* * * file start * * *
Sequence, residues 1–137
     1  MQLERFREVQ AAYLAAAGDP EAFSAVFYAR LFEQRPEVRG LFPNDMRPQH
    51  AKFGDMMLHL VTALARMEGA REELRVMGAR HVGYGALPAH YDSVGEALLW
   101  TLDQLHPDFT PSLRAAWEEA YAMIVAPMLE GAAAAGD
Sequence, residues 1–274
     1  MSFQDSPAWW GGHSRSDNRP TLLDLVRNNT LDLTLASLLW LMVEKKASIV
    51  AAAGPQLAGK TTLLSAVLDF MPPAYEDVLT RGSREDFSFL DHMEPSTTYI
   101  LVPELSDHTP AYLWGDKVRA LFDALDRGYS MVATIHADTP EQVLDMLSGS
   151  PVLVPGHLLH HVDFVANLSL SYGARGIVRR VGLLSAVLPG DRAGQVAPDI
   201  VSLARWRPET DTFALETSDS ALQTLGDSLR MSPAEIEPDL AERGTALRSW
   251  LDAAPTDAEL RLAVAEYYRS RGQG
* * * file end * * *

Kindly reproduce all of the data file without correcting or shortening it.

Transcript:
Sequence, residues 1–137
     1  MQLERFREVQ AAYLAAAGDP EAFSAVFYAR LFEQRPEVRG LFPNDMRPQH
    51  AKFGDMMLHL VTALARMEGA REELRVMGAR HVGYGALPAH YDSVGEALLW
   101  TLDQLHPDFT PSLRAAWEEA YAMIVAPMLE GAAAAGD
Sequence, residues 1–274
     1  MSFQDSPAWW GGHSRSDNRP TLLDLVRNNT LDLTLASLLW LMVEKKASIV
    51  AAAGPQLAGK TTLLSAVLDF MPPAYEDVLT RGSREDFSFL DHMEPSTTYI
   101  LVPELSDHTP AYLWGDKVRA LFDALDRGYS MVATIHADTP EQVLDMLSGS
   151  PVLVPGHLLH HVDFVANLSL SYGARGIVRR VGLLSAVLPG DRAGQVAPDI
   201  VSLARWRPET DTFALETSDS ALQTLGDSLR MSPAEIEPDL AERGTALRSW
   251  LDAAPTDAEL RLAVAEYYRS RGQG